She said: “We recognise significant uncertainty still remains in the calculation of emissions data, particularly for Scope 3, and so believe a pragmatic approach to the regulation is needed to not overly penalise or burden companies as they build capacity.”
One purpose of requiring Scope 3 emissions reporting as part of the CSRD rules is so companies turn their engagement into action. Investors need accurate data and not presenting this risks divestment.
However asset managers would not be drawn on the consequences if the businesses they invest in fail to meet the requirement of the new rules.
A spokesperson for Liontrust said the asset manager “would like to see how companies progress and manage their obligations under the new reporting requirements, rather than worrying about their facing fines for non-compliance”.
Asked to what extent Liontrust is using its stewardship role to focus the companies it invests in to comply with the rules on time, the spokesperson added that while the asset manager sees stewardship as “certainly including compliance to regulations, we also see it as a way of understanding how investee companies are managing those aspects of their businesses that are the focus of our investment processes”.
They added they “engage with the management of our holdings on compliance matters”.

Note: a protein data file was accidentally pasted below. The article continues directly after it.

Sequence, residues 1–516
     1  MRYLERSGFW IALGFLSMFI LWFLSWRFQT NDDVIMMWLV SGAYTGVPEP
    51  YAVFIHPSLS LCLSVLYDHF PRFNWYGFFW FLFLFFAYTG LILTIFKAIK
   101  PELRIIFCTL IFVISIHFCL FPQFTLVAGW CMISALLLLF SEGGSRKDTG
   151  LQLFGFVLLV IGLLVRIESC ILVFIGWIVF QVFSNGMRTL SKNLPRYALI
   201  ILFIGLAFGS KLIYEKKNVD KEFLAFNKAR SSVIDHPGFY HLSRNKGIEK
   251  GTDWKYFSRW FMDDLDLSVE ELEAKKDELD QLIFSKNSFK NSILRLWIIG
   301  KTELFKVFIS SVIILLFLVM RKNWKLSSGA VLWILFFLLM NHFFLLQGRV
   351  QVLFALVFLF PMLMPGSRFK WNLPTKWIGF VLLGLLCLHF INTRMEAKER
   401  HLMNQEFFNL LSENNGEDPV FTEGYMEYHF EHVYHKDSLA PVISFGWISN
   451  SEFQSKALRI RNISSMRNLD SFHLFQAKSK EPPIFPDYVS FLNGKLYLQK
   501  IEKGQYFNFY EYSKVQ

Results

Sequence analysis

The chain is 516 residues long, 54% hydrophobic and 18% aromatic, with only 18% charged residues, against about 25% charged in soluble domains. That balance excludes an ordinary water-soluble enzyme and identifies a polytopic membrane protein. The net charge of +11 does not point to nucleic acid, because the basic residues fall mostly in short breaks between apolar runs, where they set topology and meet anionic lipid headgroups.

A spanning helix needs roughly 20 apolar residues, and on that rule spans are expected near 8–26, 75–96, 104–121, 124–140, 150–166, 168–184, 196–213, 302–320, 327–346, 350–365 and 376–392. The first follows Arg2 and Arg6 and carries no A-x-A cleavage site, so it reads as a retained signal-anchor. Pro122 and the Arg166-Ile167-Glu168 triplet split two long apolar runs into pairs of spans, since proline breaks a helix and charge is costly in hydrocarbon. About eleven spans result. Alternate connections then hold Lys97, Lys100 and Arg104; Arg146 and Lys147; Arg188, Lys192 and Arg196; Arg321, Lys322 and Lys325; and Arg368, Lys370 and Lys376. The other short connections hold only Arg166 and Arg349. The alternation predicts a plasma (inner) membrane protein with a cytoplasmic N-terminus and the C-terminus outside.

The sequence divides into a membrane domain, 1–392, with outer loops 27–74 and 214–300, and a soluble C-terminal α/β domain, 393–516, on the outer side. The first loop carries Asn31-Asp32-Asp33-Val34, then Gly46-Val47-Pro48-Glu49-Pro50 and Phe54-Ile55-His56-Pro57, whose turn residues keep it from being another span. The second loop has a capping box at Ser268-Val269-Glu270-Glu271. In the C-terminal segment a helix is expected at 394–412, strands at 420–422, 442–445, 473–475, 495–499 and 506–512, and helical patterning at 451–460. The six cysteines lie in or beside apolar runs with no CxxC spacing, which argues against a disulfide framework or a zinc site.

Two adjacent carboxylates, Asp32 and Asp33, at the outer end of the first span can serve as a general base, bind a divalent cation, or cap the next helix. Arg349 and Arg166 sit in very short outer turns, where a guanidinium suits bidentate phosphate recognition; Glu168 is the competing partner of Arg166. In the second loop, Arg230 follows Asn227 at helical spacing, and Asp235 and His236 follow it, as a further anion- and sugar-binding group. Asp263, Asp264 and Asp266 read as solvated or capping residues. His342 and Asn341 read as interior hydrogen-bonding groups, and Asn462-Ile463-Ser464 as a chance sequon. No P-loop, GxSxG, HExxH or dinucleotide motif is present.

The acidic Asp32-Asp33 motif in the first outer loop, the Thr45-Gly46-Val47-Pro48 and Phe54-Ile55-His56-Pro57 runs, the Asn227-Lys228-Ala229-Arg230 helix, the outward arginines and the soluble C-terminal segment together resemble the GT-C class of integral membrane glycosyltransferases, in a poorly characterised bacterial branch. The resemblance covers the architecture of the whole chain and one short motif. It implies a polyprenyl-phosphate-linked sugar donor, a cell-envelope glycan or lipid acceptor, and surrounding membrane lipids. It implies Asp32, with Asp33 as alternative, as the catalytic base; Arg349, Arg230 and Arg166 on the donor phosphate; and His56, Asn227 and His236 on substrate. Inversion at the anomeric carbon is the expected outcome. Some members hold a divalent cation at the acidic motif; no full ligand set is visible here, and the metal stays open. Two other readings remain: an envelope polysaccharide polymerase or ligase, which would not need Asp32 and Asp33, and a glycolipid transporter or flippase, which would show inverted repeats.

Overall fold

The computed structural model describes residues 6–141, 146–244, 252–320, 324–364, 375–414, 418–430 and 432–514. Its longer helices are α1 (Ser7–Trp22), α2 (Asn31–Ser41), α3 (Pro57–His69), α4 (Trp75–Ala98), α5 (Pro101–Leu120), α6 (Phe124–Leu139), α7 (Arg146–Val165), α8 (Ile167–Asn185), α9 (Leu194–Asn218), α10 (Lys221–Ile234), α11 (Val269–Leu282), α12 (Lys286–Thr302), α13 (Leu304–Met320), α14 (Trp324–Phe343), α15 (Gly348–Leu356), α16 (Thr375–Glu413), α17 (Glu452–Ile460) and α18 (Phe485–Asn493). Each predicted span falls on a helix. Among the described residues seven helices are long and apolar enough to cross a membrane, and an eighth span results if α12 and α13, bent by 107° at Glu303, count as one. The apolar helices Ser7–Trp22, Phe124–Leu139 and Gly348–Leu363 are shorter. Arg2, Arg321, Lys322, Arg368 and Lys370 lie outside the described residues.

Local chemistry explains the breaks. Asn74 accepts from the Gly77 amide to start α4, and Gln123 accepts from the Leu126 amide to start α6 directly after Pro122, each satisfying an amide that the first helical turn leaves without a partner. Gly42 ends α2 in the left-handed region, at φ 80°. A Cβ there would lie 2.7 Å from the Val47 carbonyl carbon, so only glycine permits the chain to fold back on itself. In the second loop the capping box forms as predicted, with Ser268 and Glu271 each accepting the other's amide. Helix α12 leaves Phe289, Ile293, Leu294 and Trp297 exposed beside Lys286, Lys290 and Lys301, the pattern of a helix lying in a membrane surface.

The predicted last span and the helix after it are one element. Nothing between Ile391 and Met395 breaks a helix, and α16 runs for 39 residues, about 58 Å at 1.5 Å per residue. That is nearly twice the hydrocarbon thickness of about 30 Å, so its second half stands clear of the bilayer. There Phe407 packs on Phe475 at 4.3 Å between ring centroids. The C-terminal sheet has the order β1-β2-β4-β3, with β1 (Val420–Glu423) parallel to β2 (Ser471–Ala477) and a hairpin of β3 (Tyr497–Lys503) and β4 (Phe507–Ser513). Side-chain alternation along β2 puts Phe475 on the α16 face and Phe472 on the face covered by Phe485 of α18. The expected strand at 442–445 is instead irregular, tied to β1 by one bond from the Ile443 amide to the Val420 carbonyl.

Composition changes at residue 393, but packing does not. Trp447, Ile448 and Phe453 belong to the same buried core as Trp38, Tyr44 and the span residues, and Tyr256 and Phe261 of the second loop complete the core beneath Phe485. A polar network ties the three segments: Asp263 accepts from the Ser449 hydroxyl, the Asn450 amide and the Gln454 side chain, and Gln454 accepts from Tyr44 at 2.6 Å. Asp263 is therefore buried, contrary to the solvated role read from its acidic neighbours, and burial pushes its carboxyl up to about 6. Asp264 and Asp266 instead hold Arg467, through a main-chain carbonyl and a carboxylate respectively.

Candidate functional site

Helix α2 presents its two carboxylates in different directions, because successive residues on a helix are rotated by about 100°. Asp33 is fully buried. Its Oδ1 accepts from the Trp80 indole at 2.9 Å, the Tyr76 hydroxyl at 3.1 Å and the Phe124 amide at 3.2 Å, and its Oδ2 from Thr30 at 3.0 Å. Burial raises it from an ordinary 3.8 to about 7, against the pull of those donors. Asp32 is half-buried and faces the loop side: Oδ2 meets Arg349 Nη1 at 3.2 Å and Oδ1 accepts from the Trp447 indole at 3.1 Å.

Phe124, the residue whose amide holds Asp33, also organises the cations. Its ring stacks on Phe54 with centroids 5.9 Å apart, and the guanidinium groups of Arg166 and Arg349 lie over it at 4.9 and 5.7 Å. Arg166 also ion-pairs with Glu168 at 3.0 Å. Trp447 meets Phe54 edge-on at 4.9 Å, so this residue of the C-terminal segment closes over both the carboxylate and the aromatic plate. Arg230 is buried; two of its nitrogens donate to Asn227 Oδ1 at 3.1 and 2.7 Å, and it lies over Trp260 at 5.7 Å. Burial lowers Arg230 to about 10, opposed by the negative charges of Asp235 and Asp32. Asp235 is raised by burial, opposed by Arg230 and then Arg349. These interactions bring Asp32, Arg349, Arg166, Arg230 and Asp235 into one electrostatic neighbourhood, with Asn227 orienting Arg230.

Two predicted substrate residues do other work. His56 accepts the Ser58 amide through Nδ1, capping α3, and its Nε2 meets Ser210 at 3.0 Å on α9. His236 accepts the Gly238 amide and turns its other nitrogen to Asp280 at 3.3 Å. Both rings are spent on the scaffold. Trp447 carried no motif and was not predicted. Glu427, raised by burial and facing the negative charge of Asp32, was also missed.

CSRD is the most comprehensive reporting standard to date as it requires companies to report in a doubly material way, on their own environmental and social impact as well as sustainability risks to their business.
It should significantly increase the amount of data available to investors, enabling better informed company analysis and investment decision-making.
However Sophie Brodie, associate director for sustainable investing at Fidelity International, said the timeline for adoption by companies, where the first report for 2024 is due in 2025, is “ambitious”.
Brodie said: “There are [reporting] areas that will be new for many firms, e.g. biodiversity and value chain reporting, requiring more extensive data collection. We recognise that the extent of reporting and the time and cost involved could be challenging to begin with.
“We plan to engage with in-scope companies in the UK and elsewhere on how they are preparing to meet the requirements of CSRD (and International Sustainability Standards Board) with a view to identifying potential gaps.”
Fidelity also expects further guidance from the EU, which companies would have to adapt to again.
Earlier this year, the EU Commission asked the European Financial Reporting Advisory Group, the body behind the CRSD (also known as the European Sustainability Reporting Standard), to prioritise helping companies to implement the initial CSRD standard over developing a second sector-specific standard, due in June 2024.
Brodie said: “We expect further clarification on the European Sustainability Reporting Standards metrics are mandatory and voluntary, and which will be subject to a materiality assessment and phased in over longer periods. We are engaging with EU associations on how this will develop.”
Fidelity believes the changes should create opportunities for companies to scale up activities that align with the EU taxonomy and become sustainability leaders.